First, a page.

Study links drinking hot tea with elevated esophageal cancer risk

The study links drinking hot tea with an elevated risk of esophageal cancer.

According to a new study, regularly drinking very hot tea could increase the risk of esophageal cancer. 

The research hails from the Tehran University of Medical Sciences in Iran and is published in The International Journal of Cancer. Scientists followed 50,045 individuals between the ages of 40 and 75 from 2004 to 2017. During this period, 317 new cases of esophageal cancer were identified.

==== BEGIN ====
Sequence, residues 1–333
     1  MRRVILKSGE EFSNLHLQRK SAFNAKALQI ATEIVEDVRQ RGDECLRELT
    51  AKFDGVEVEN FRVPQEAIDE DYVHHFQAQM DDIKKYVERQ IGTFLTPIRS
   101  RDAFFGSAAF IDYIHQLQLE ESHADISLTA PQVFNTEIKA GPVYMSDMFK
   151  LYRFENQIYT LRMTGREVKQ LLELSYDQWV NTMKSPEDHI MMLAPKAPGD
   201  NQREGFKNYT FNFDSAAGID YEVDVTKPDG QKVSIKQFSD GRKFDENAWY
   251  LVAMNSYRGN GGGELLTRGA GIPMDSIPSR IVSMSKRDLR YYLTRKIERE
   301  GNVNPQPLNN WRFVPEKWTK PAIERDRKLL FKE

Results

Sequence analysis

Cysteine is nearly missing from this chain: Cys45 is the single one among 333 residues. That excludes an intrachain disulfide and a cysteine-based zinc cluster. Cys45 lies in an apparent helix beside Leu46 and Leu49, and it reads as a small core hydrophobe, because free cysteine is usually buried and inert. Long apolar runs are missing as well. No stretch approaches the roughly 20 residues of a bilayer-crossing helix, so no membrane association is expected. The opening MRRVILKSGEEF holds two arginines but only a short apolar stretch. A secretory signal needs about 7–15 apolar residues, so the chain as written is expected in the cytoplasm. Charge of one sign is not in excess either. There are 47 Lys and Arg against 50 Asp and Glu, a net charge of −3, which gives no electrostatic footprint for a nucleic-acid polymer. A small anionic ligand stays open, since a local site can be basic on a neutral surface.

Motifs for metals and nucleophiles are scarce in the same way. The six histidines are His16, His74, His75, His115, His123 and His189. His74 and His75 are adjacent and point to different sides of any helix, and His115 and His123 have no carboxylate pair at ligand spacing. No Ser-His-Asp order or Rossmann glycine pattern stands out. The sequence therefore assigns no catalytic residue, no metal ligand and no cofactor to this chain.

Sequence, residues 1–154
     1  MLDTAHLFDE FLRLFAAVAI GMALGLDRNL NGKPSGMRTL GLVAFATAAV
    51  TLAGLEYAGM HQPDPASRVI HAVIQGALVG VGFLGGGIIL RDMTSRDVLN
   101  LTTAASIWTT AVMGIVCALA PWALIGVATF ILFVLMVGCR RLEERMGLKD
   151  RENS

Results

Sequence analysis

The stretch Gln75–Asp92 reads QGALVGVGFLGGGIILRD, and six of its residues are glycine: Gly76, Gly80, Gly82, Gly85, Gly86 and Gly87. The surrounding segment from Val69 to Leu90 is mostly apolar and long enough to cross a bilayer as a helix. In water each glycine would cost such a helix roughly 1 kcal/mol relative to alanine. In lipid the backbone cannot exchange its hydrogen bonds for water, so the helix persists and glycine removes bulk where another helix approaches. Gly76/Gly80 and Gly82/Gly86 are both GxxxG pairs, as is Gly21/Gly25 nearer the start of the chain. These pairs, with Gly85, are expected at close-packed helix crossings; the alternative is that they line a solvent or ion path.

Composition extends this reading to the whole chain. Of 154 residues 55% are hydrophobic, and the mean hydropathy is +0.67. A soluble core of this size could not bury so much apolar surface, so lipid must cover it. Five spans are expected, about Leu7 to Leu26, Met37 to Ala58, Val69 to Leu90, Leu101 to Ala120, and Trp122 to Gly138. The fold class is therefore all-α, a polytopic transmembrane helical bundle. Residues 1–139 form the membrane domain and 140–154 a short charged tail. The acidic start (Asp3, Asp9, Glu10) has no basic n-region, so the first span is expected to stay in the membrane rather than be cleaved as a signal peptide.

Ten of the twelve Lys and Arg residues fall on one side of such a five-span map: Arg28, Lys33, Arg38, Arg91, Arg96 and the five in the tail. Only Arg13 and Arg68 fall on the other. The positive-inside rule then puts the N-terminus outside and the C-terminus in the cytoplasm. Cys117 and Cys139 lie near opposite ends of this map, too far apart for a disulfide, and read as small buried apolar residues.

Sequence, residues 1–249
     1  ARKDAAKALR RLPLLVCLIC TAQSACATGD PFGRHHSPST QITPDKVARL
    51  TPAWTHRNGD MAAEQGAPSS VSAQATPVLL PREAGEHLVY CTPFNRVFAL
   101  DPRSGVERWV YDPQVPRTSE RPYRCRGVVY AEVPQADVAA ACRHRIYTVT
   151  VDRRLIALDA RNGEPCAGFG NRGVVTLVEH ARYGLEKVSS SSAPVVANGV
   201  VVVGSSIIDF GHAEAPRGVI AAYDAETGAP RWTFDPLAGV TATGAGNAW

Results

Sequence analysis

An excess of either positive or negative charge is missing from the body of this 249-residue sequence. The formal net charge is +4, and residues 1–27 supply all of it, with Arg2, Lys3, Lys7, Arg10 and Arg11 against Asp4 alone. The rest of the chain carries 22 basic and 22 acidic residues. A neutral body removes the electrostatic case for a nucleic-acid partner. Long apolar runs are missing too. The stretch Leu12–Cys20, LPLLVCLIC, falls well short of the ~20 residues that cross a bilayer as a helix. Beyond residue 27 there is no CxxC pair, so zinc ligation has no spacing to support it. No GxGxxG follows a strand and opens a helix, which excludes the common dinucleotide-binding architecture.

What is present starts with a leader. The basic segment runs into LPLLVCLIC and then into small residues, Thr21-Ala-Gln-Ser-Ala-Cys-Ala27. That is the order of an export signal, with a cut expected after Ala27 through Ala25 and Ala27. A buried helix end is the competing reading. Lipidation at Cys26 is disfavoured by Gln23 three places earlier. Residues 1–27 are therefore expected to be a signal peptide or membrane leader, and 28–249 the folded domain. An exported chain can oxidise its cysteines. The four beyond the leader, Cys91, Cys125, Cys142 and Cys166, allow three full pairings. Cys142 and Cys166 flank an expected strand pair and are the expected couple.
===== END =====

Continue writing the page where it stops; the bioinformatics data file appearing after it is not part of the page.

Drinking 700ml of tea per day at a temperature greater than or equal to 60°C was associated with a 90% higher risk of esophageal cancer. This is lower than estimations from the World Health Organization, which considers drinking hot drinks (coffee, tea or others) at températures above 65°C to be a risk factor.

"Many people enjoy drinking tea, coffee, or other hot beverages. However, according to our report, drinking very hot tea can increase the risk of esophageal cancer, and it is, therefore, advisable to wait until hot beverages cool down before drinking," said lead author, Dr. Farhad Islami of the American Cancer Society.

In February 2018, a Chinese study published in Annals of Internal Medicine found that regularly drinking hot tea could multiply by five the risks of developing esophageal cancer. However, the findings only applied to people also using tobacco and/or alcohol.